However, he said, Eskom may also have to deal with a higher maintenance in December, including half station shutdowns for three stations. He qualified this in a later Engineering News report which stated that 32 of Eskom’s 87 coal-fired generating units required “major surgery”, whilst four were in a “critical condition”.   November was also critical, he said, if all did not go as planned.

Despite continued questioning by parliamentarians on the state of progress at the second “New Build” power station, Kusile, no specific answers were provided by either Eskom or the minister other than the fact that Kusile had experienced “protected” and “unprotected” strikes in contractor workforces during the year.

Strikes

Matjila stressed that the workforce was back on site at both locations. “Additional resources had been mobilised to mitigate delays, he said, and additional shifts have been introduced 24 hours a day, 7 days a week, to accelerate progress on site.  Eskom was liaising with contractors to deal with any issues which had the potential of causing further delays, he said.

In his overall concluding remarks, Matjila said a five-point recovery plan had been introduced to improve the performance of the Eskom coal-fired fleet, with the utility having reaffirmed its objective of “returning to an 80-10-10 operating model, which implied 80% plant availability, 10% planned outages and 10% unplanned events across a period of a year.”

Outside inputs

On the situation with regard to the independent power producers (IPP) programme, Matjila said he was aware that the department of energy (DoE) had processed  over one thousand applications during the three IPP 3-stage bidding process and this had stretched DoE resources considerably.

He said it had been a complicated process to secure sustainable competitive prices in respect of the particular technologies involved. What had to be also factored in was the burden of hidden costs of storage and back-up which had to be borne by Eskom, not the IPPs.

Also the proximity and availability of energy supplies on the supply in providing the “appropriate infrastructure” was being dealt with and overcome.

It was important, Matjila said in conclusion, for Eskom to ensure that potential and online suppliers met grid code requirements and he was aware that some IPPs were struggling with this process.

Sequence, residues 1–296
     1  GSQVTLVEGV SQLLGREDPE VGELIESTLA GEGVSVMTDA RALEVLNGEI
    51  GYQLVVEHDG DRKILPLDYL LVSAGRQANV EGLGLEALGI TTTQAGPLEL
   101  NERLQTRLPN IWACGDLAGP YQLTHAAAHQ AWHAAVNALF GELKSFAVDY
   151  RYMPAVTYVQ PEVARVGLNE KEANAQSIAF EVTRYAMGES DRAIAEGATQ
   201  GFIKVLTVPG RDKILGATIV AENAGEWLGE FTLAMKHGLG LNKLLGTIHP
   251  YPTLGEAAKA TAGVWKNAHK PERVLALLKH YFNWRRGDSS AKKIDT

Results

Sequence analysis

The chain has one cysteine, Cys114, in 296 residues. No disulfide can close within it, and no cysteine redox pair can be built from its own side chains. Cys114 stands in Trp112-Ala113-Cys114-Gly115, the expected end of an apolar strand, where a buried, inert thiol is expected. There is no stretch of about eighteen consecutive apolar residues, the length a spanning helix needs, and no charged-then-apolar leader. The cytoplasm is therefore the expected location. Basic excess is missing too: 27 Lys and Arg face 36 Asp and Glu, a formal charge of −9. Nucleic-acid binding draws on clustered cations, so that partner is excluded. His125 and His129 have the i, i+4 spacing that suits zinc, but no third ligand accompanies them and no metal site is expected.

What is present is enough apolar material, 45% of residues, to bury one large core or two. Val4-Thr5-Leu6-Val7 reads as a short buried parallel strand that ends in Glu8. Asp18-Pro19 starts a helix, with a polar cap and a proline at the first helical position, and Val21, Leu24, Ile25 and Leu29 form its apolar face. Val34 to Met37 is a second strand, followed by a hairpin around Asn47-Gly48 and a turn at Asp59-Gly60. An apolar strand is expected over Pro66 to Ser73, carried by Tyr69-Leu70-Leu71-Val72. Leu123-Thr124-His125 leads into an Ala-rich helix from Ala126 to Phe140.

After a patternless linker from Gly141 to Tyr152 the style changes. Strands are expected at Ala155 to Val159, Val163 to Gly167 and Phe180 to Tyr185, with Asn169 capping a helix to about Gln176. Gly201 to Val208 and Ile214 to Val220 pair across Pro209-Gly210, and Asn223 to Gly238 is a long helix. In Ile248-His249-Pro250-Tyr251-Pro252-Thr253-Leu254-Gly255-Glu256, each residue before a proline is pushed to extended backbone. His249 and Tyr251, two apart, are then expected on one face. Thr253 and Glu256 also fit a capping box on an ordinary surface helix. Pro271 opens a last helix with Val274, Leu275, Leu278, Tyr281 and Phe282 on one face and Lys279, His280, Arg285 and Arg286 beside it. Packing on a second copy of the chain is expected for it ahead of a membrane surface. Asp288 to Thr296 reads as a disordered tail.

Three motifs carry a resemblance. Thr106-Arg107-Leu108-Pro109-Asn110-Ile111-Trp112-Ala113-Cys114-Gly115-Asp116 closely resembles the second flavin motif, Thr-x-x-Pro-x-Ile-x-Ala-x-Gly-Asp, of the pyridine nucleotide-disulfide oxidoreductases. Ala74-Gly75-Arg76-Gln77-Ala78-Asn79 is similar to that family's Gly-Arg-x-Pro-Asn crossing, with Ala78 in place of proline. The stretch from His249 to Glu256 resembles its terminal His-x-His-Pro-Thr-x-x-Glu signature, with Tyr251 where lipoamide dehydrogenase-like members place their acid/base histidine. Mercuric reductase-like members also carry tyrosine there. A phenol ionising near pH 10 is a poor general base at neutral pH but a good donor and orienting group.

Other articles in this category or as background
http://parlyreportsa.co.za/energy/medupi-key-short-term-energy-crisis/
http://parlyreportsa.co.za/cabinetpresidential/eskom-says-medupi-and-kusile-will-have-great-local-benefits/
http://parlyreportsa.co.za/energy/eskom-warns-on-costs-of-new-air-quality-rules/
http://parlyreportsa.co.za/energy/dpe-reports-on-eskom-and-it-utilities-to-parliament/

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Agri-SA gives views on minimum wage

Tough stuff….

agri-saIn a tense meeting with MPs at working committee level, Agri-SA warned of possible job losses in the agricultural sector if a national minimum wage (NMW) were applied across the board without reference to categories or conditions of employment. The parliamentary portfolio committee on labour had invited Agri-SA and trade union affiliates to comment on the issue of a NMW being applied across the board in all spheres of national employment.

Lumka Yengeni, the chair of the portfolio committee, who caused a stir in the last parliament for touring the country for public views on labour brokers, in addition had called for comment from the mining, industry and commerce. The issue of a minimum wage for domestic workers, however, was not tabled at these series of meetings.

Higher wages the result

In the debate that took place, Hans van der Merwe, Executive Director, Agri-SA, told parliamentarians that a minimum wage set at a higher level than at present as part of a national application would result in a considerable number of structural changes within the farming industry to accommodate what would undoubtedly be, as a result, a call for higher wages in many spheres.

 He said any “adjustments” would no doubt be characterised by the shedding of jobs, increased mechanisation and the consolidation of farming units, as had happened in the past when farmers throughout the country had to “adjust to maintain their competitiveness and profitability.” He warned government that any such moves “should be carefully considered first” since aside from a number of unintended consequences, the target contained in the NDP to create a million jobs by 2030 would be vastly undermined.

Steadily less

Van der Merwe showed parliamentarians that the number of farming units in 1993 was estimated at 57,980, declining to 45,848 in 2002 and to 39,982 in 2007.   The decline in individual units continues, he said, and now some 20% of commercial farms were responsible for 80% of total production.   Employment showed a decline between from 1,093,265 in 1993 to 796,806 in 2007 with further declines since, much of it no doubt due to consolidation of farming units.